#Module 2: AODA


So, let’s start with: What is AODA? Well, AODA stands for the Accessibility for Ontarians with Disabilities Act. The purpose of this act is to provide a more accessible online world for people with disabilities that may not be directly visible. Not someone in a wheelchair, but someone who is visually impaired, someone who may be hard of hearing, someone with a learning disability, someone with a developmental disability, the list goes on.

Currently, Ontario has plans for this act to be enforced and for the goal to be reached in just over 8 years. Although it seems like there is quite a bit of time before anything needs to be done, there is also quite a bit that needs to be fixed.

The focus of this blog post will be on internet accessibility and some of the guidelines that should be followed.

First, let’s begin with what the AODA considers a disability. The act currently follows the definition provided by the Ontario Human Rights Code. This would include physical disabilities as well as mental disabilities, such as brain injuries, speech impediment, or dyslexia to name a few. This act can even apply to users who have English as a second language. By using the standard established by the AODA, it allows organizations to remove the barrier between the user and the website. The regulations and standards apply to organizations that provide a service or product, employ Ontarians, or provide accommodation. Fines for an organization’s offences can go up to $100,000 for each day.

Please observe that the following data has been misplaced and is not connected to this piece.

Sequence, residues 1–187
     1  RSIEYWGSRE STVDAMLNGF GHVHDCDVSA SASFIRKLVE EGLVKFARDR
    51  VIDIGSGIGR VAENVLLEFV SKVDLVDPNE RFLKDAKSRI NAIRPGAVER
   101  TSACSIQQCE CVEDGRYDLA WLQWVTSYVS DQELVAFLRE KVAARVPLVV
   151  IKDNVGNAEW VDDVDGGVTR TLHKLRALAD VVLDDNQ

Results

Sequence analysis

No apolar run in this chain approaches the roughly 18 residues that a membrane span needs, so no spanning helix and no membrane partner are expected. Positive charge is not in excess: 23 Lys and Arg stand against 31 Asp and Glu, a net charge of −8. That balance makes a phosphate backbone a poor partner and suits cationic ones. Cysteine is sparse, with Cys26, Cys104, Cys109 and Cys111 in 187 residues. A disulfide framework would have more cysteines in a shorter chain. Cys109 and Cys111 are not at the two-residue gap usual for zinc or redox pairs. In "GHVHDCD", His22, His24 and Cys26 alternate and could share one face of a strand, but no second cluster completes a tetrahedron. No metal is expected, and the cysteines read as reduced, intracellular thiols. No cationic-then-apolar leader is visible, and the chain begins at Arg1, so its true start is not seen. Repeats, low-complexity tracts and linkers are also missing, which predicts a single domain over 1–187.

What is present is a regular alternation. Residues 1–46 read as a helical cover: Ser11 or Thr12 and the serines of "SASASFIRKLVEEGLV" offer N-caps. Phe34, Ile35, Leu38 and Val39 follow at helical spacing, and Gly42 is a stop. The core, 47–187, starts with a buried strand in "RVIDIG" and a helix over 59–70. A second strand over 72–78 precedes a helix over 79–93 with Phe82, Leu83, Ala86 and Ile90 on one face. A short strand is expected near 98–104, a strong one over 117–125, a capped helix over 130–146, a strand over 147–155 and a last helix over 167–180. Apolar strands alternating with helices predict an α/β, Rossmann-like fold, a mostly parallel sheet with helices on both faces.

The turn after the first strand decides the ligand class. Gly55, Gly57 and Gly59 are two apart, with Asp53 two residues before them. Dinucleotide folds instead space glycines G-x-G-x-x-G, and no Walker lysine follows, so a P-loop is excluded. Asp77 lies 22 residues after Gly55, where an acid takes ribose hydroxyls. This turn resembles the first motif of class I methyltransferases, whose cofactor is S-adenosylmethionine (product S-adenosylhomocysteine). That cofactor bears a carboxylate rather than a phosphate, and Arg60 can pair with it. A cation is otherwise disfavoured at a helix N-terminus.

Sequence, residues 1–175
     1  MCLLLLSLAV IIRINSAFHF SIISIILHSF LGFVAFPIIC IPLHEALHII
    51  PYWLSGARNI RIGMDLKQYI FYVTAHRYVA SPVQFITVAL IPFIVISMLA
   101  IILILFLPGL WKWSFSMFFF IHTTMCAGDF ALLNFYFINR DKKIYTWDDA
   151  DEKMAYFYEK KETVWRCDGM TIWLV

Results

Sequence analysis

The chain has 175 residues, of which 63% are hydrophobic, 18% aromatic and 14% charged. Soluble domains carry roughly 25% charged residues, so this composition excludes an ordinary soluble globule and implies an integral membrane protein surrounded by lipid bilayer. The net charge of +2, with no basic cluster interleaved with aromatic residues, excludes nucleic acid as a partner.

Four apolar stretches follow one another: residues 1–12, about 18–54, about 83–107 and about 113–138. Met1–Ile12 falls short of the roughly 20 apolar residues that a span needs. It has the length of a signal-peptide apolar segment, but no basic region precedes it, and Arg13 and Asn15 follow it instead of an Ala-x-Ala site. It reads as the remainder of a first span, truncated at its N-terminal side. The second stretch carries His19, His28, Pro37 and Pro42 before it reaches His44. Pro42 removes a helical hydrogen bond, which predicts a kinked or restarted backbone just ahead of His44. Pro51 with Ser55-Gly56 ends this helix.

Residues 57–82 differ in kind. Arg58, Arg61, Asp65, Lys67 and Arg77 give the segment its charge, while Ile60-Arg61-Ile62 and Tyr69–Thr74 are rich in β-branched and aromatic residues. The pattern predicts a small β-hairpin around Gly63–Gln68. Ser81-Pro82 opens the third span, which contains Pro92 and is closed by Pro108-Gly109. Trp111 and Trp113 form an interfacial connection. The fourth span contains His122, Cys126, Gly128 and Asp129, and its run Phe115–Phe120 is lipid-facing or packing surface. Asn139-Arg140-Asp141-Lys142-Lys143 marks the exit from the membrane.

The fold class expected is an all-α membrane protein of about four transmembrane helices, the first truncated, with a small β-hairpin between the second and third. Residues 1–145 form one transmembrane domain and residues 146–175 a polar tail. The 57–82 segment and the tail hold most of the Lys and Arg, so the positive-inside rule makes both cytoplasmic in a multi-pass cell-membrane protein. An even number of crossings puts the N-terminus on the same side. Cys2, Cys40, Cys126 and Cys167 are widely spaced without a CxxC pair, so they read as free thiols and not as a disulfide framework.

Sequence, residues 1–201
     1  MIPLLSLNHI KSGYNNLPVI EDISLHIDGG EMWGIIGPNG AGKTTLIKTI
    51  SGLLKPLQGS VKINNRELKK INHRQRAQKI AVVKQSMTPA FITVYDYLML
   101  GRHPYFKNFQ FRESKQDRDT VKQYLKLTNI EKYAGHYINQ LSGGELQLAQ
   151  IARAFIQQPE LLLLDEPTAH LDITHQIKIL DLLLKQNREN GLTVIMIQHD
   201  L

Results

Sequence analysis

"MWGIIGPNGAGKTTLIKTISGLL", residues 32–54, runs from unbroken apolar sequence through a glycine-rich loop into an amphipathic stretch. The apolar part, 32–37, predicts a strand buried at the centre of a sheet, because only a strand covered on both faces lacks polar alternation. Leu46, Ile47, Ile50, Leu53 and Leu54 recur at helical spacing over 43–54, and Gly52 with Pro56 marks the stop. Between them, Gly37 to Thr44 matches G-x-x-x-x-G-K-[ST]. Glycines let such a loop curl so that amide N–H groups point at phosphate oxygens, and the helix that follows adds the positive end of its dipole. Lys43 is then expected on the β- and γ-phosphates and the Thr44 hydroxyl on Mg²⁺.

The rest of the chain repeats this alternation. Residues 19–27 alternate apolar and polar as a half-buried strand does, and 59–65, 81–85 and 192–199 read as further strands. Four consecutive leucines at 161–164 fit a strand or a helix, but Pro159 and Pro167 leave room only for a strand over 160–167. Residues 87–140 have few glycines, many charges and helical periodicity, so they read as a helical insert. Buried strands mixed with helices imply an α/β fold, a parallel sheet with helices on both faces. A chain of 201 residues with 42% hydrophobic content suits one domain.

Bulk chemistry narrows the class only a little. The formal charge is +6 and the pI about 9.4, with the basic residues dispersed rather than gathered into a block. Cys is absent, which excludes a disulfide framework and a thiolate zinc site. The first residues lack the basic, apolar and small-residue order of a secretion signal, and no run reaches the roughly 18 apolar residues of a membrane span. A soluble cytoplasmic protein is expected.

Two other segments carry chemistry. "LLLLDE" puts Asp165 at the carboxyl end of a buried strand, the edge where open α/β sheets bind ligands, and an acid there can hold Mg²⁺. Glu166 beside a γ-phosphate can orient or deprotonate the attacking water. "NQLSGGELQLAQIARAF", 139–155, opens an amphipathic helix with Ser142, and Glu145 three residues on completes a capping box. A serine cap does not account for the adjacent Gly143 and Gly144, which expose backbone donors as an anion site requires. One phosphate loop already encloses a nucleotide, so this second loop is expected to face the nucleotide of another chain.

One of the biggest barriers we currently face is a language barrier. This is not only experienced online, but also in person. In order to reduce this barrier while online, providing a translation tool, whether through Google, or another program, would close the gap that we face when interacting with people speaking other languages. The use of Google Translate provides users with an option to translate the entire webpage for ease of access.

Another barrier that is faced when online is caused by a person’s sight. It could be a visual impairment or even the decrease of eyesight as a person ages. This problem could be remedied through providing the ability to increase or decrease the text size on a web page to provide users with the option to view the text on screen at a comfortable font size.

These are only a couple of solutions to help with online accessibility. There are still many improvements to be made before Ontario becomes truly accessible on the online world. We can start with these, then continue to the other issues. For example, the contrast between text and background plays an important part in accessibility and visibility, providing a caption for images on a webpage assists with the barrier too. There are endless ways to make the online world more accessible and friendly for someone with a disability. So let’s get started!

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